Elizabethan Music and Musical Criticism

University of Pennsylvania Press, 1962 - 363 pages
The period represented by the reigns of Queen Elizabeth I and King James I of England was noteworthy not only for its literature and art but for its music. This volume offers a summary of the works on music theory published in England during that period, and illuminates Elizabethan attitudes toward music in theory and practice. Some of the works summarized treat elementary subjects such as scales, time signatures, and the correct use of chords; some take up more complex themes, such as advanced counterpoint, canon, and composition. Other sources provide detailed descriptions of common instruments, and discuss their use in composition and in the home. In addition to quoting many Elizabethan commentators on the proper use of music in the schools and in the church, the author cites Puritan attacks on music. He includes information on all the leading cathedral organists, as well as on choirboy actors and their organist teachers, and he devotes a chapter to the use of music in the plays of Shakespeare and others. Although it was the author's original intention to present only criticism written by Elizabethans, he decided to include, as a necessary aid to the reader, a brief description of the music criticized and to add a modern appraisal of it. Consequently, since all the books of compositions published in the years 1558-1625, chiefly madrigal and lute pieces, but also some church music are mentioned, with some comment on both the music and their composers, Dr. Boyd's study will serve as an excellent short history of Elizabethan music.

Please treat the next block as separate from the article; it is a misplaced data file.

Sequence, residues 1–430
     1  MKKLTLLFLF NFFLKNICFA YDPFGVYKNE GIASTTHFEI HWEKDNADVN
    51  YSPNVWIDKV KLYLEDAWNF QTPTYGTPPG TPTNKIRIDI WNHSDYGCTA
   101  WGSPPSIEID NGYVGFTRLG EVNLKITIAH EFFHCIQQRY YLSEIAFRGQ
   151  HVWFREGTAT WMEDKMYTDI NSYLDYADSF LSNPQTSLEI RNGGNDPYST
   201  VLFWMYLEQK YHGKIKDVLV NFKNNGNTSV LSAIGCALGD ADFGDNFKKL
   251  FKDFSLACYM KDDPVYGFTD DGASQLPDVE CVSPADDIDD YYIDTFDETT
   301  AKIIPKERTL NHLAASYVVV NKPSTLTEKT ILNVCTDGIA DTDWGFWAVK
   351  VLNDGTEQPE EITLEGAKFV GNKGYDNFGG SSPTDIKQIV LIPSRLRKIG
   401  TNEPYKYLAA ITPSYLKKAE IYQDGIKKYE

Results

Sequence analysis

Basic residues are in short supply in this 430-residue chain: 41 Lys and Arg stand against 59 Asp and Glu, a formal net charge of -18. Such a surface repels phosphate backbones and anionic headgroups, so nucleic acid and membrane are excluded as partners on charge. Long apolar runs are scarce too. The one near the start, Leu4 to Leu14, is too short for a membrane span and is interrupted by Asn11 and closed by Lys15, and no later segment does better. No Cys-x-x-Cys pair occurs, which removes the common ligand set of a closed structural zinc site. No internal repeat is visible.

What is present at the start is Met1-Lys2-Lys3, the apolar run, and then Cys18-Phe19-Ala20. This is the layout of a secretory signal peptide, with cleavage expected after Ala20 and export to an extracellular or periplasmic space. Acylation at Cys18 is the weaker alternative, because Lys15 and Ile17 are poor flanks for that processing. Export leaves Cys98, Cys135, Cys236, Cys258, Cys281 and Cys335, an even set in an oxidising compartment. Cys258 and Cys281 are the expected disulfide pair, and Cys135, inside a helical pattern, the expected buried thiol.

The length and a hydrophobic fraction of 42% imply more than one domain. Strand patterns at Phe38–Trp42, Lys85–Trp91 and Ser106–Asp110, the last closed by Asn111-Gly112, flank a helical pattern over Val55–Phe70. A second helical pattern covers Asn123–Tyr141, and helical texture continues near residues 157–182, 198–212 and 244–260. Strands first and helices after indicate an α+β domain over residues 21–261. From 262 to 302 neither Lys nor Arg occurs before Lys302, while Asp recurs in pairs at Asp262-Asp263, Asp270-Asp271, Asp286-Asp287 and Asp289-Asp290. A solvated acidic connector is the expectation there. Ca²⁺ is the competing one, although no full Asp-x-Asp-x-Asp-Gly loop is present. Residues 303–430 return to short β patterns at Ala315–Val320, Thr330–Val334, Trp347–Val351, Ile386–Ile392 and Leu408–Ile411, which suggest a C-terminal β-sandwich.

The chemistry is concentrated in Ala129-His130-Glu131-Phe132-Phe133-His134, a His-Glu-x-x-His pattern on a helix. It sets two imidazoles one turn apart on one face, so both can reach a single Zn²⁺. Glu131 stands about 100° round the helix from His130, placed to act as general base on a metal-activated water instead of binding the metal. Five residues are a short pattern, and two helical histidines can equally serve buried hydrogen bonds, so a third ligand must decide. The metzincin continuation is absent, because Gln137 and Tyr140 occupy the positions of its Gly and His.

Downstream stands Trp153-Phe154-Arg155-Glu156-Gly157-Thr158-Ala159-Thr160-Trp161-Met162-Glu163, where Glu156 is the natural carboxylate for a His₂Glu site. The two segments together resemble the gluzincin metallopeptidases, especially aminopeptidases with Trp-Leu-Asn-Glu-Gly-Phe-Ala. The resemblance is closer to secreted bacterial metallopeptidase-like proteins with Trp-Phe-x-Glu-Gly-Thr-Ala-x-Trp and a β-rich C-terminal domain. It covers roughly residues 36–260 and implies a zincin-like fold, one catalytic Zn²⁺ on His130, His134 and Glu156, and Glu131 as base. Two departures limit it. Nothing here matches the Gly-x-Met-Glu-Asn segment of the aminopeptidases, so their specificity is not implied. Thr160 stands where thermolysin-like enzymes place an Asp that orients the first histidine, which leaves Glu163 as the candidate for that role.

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Table des matières

Music Attacked and Defended
The Unique Copy of the Only Surviving Part Cantus Secundus
Music Sung in Church
Droits d'auteur

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